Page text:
Elena Ferrante's Lying Life of Adults was released in Italy in November; the non-Italian reading world gets the English translation in June.
The first half of 2020 serves crime and thriller fans particularly well. Gregg Hurwitz has a new Orphan X book out (Into the Fire), Harlen Coben's back (The Boy from the Woods) and look out for Kathy Reichs' A Conspiracy of Bones, her 19th novel featuring forensic anthropologist Temperance Brennan and her first in six years. Say what you like about A.J. Finn – and plenty has been said – The Woman in the Window isn't going away. A best seller for two years, it's due to reach a whole new audience when the movie, starring Amy Ryan, is released.
Lee Child puts out his 25th Jack Reacher book this year while some of Penguin Books' top-selling crime and thriller writers – Jo Nesbo and James Patterson among them – return. Look out, too, for new historical fiction from Robert Harris and adventure from Clive Cussler.
In recent years, Australian crime writers have been consistent top sellers. Word is that Jane Harper is working on a fourth novel to be released in the second half of the year, while fellow Australian Gabriel Bergmoser has already attracted a buzz for his debut, The Hunted, which doesn't appear until June.
Set on a lonely, deserted highway, deep in the Australian badlands, it's touted as "pure white-knuckle suspense – a cardiac arrest of a novel, matching the adrenalin of Lee Child with the creeping menace of Wake in Fright". The film rights are already sold; Faber has the UK rights and – to date – it will also appear in France, Bulgaria, Holland and Germany. Not bad for a young, debut novelist.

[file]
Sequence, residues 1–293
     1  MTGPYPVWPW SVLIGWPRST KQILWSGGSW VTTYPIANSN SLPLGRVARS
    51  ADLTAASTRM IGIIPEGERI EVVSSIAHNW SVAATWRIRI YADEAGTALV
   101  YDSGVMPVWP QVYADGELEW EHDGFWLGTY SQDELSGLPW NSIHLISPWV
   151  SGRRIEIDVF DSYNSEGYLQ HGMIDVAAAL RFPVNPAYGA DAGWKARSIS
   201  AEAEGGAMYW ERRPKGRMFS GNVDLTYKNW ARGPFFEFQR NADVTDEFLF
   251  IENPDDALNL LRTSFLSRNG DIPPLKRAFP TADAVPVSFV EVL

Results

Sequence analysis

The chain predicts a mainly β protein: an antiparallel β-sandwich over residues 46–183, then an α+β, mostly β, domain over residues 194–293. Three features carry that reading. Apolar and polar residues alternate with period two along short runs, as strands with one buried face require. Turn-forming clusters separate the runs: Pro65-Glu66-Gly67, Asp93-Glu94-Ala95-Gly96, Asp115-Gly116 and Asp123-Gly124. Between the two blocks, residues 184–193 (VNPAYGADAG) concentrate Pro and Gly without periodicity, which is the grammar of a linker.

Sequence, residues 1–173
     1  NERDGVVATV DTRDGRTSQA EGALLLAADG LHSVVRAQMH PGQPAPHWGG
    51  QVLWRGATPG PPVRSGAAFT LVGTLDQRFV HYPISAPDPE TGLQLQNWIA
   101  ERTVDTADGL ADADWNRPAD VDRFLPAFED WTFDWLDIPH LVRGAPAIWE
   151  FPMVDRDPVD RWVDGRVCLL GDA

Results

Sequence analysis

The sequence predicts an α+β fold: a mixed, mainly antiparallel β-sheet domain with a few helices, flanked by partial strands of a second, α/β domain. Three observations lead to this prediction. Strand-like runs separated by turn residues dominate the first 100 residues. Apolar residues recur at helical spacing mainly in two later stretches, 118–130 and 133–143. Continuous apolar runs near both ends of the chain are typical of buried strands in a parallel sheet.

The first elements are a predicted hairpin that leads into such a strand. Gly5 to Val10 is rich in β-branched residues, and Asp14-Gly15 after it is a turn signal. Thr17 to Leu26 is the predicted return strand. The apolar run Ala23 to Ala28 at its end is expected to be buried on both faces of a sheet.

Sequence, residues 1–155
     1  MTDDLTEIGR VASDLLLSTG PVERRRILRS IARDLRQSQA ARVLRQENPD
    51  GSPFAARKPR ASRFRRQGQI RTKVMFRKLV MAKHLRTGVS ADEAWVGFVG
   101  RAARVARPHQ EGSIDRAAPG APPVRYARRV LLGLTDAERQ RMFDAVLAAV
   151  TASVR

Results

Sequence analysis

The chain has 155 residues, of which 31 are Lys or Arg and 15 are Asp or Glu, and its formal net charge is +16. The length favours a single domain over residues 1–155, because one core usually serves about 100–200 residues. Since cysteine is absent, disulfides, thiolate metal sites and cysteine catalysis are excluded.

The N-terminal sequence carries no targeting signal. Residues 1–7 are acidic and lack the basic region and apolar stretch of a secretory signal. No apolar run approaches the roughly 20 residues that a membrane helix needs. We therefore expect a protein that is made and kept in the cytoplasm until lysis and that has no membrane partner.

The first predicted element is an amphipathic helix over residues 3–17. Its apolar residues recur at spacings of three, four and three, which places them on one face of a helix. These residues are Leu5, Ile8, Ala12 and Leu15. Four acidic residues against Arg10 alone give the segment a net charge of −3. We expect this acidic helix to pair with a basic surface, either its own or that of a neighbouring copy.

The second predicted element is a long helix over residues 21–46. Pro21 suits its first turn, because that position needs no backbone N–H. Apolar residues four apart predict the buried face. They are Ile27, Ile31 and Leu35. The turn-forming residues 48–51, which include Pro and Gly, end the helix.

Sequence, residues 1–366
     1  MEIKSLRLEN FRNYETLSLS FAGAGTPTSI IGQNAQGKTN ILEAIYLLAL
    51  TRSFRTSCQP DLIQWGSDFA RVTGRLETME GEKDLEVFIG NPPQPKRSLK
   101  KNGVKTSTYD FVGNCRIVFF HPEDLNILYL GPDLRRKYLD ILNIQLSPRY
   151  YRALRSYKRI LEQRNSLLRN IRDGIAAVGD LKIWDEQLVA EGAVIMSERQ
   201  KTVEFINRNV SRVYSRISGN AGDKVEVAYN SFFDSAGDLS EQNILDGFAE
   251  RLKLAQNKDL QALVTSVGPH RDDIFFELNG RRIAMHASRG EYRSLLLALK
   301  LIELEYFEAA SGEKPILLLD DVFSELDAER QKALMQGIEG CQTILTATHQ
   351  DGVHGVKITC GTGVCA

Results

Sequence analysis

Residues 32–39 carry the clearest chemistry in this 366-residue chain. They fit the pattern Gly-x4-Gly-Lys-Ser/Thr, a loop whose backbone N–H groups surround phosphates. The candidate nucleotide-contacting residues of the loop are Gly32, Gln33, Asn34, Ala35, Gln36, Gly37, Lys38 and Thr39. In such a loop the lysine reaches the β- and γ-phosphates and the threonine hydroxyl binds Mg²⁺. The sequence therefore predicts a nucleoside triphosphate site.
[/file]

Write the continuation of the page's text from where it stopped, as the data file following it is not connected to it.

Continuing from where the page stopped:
In 2018, Trent Dalton was the young Australian novelist on the rise. His next book, All Our Shimmering Skies, is out in July. It's Darwin, 1942. Japanese bombs are about to start falling - but Molly Hook, the gravedigger's girl, is already on the run for her life.
Meanwhile, fans of epic historical fiction will be on tenterhooks waiting for the September release of Ken Follett's The Evening and the Morning, a prequel to the Pillars of the Earth, which, in the 30 years since its publication, has sold a staggering 27 million copies. In 997 CE, the end of the Dark Ages, one man's ambition to make his abbey a centre of learning is the catalyst for a grand journey of ambition and rivalry, death and birth, love and hate.